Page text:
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From Jackson, Tennessee to Rockford, Illinois by way of St. Louis, Missouri. Delaying the return home and the mantle of responsibility.
From McMillan Towers (where I made pretense of finding Margaret and found James) to State Street (where I make pretense of going home and find an extra day's solace).
The contrast is obvious. Vertical project warehousing verses upscale suburban sprawl. Low income subsidized idling verses high end conspicuous consumption.
Though I hear things change "once you cross the river."
Things always change. Meanwhile I've got my copy of "The Golem's Mighty Swing", $12.95 at Barnes Noble.
If I were a bit more maudlin and self-involved I'd wax all weepy and poetic for the soul of America. I have seen dispensers offering the "Rough and Rugged" the "Hugger" and the "Aromatic" condom in three separate states.
And it appears (sadly) that the gloss has not worn off the practice of "modifying" bathroom hand dryers. You know the one, "Push butt" and so forth...hilarity ensues.
I choose instead to grin at the kitsch of it. It's a tight grin approaching the neighborhood of a grimace, but still a grin.
Yes, even despite the ubiquitous "Nigger" graffiti.
"The only thing they found was a small hernia I've had since you were born," says my mother after a particularly involved physical. "Nothing to be concerned about."
She's had a hernia for over forty years and considers it a minor inconvenience.
By today's standards - when no tooth is left un-straightened no cellulite is left un-sucked - a feat of Herculean proportions.
She could be on Oprah, battering me with guilt to raucous applause.
Instead when asked if she'll have it repaired, "No, if it doesn't bother me, I won't bother it."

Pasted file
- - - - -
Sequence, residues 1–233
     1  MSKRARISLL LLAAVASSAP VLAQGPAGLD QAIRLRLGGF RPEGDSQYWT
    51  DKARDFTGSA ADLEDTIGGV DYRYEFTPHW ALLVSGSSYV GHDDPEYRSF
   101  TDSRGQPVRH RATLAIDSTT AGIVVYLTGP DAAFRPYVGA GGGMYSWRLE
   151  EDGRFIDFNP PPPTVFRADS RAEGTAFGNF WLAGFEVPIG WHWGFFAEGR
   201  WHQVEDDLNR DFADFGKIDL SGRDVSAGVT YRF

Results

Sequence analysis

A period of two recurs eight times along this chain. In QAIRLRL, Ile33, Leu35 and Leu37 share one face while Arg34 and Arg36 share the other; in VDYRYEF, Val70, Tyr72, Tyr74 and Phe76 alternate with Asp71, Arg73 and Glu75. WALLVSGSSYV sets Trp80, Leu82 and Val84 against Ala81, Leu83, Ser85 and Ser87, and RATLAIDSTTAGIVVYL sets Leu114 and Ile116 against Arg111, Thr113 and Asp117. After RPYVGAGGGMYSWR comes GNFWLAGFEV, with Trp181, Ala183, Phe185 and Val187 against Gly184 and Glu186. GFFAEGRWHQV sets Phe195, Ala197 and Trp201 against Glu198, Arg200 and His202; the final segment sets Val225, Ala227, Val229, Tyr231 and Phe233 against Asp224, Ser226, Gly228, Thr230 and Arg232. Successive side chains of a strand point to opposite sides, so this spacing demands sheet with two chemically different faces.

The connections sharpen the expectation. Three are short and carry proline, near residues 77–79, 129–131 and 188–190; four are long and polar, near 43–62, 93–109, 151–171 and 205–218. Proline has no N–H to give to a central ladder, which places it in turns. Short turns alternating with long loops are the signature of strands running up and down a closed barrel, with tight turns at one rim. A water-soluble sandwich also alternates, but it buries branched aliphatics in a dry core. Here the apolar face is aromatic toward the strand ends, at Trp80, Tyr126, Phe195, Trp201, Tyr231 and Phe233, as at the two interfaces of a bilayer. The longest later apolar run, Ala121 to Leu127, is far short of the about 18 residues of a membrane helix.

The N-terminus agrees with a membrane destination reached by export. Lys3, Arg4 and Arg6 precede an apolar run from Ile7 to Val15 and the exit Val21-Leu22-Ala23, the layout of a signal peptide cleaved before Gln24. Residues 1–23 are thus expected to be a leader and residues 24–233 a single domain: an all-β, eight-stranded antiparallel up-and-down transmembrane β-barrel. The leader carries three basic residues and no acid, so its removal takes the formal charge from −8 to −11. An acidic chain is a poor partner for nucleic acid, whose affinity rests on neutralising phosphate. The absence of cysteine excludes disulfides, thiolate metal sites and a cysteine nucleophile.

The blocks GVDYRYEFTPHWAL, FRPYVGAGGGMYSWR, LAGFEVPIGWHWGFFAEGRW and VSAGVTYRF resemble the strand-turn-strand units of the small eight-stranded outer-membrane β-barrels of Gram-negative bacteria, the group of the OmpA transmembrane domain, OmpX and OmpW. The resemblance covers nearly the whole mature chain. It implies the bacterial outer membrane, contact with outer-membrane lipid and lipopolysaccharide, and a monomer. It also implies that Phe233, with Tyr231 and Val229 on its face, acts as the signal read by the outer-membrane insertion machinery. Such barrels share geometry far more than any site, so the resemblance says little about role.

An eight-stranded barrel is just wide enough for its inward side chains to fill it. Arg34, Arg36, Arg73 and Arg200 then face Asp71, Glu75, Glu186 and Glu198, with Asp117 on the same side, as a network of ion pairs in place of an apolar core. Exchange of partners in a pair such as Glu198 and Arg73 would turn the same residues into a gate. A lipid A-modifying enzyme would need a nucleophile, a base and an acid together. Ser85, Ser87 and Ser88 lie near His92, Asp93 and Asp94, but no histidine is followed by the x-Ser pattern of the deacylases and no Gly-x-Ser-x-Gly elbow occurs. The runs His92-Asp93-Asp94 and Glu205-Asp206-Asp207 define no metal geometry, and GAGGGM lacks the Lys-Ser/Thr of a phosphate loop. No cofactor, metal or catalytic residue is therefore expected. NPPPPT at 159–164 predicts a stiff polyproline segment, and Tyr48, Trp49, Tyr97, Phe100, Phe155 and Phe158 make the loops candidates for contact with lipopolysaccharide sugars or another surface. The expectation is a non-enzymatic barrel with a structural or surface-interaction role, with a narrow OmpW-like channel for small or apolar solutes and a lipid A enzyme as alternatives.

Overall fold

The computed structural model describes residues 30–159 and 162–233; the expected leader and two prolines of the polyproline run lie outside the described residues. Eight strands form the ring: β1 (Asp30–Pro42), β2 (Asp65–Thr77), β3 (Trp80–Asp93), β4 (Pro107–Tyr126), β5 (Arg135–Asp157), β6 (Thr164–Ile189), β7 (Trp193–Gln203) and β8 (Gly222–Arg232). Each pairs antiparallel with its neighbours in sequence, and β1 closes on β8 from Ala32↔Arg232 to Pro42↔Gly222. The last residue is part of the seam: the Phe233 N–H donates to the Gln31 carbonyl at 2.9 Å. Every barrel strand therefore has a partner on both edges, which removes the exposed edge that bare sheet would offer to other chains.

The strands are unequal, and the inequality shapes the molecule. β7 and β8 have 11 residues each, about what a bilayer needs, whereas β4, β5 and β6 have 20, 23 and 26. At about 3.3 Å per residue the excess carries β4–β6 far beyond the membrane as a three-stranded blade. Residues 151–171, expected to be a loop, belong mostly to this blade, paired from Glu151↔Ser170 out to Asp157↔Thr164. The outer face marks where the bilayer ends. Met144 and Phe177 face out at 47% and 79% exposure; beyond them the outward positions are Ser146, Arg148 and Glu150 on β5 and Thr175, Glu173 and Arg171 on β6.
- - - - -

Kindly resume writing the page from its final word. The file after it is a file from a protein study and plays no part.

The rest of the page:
I'm sending a get well card regardless.
I don’t care for autumn anymore. Because of the responsibilities associated with it. Pool to be closed (late this year). Leaves to rake soon.
Can the roof survive another winter? Coats to buy for the baby. She’s outgrown last year’s, naturally. Arrive in the dark, drive home, in the dark.
Privy to a conversation once, the general consensus being that winters are currently more severe than times past. I offered that perhaps the responsibilities (shoveling, driving, gas bills) made it seem so. Withering stares abounded. I took the hint.
Understand, I don’t hate the harsher seasons. Can’t hate the inevitable.
My grandmother was a hypochondriac. To let her tell it she’d had cancer, a brain, tumor, and several ulcers. Every cold was pneumonia, every cough, black lung.
She died at 89.
The family allowed it… to a point. My mother told me how when my grandmother was a child she was brutally mistreated by her stepmother and stepsisters. A real Cinderella Story. When my great-grandfather discovered it, he divorced the woman who eventually begged his forgiveness on her deathbed. I wonder if he did?
Whenever anyone really got sick, Grandma would get up from her “death bed” to nurse them.
Google search result for “One is One”:
"A medieval English boy, considered a coward as a youngster and consigned to a monastery, escapes and sets out to prove himself a knight as brave and skilled as his brothers."
God, I love Google.
Read this book in elementary school. It left quite an impression. First book I ever finished and immediately began again. Turned me on to reading and ultimately, writing. It’s actually haunted me for years, right on the edge of my awareness.
Quite an impression and I’m not sure why.
Perhaps it was the ending. I didn’t expect it.
He flailed wildly at the mosquito whining at his ear. It was too hot to keep the protective covers over his head for any length of time. He’d melt. Too hot to keep any covers on at all actually, but he was afraid of monsters. He was only 8 after all.
He wished he could make a deal, “Bite me and be done with it, just don’t whine in my ear anymore.”
Closing the window was out of the question, besides the damage was done. The enemy was already in the room.
He finally settled on sleeping in the closet.
No rest for the wicked. No end in sight. I keep waiting for things to return to “normal” when I realize that this is it. And so I had best grow accustomed.
It always comes to this at October when the long days end and darkness closes in too early. It’s cooler and my skin begins to dry and flake; even, it seems, to crackle.